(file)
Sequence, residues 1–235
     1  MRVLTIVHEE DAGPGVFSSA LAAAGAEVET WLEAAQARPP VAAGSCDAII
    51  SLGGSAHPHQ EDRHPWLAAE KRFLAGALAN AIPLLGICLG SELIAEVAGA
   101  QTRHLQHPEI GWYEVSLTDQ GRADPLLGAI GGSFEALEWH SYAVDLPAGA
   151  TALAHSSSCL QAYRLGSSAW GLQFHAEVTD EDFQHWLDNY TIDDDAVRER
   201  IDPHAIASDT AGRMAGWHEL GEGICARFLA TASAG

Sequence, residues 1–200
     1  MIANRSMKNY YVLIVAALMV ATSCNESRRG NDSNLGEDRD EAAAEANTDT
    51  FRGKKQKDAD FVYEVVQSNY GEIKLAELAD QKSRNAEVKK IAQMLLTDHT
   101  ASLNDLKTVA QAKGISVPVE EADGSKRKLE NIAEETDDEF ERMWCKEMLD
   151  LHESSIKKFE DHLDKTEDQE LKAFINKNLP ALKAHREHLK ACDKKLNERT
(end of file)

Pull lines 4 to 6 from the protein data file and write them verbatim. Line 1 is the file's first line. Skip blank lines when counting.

   101  QTRHLQHPEI GWYEVSLTDQ GRADPLLGAI GGSFEALEWH SYAVDLPAGA
   151  TALAHSSSCL QAYRLGSSAW GLQFHAEVTD EDFQHWLDNY TIDDDAVRER
   201  IDPHAIASDT AGRMAGWHEL GEGICARFLA TASAG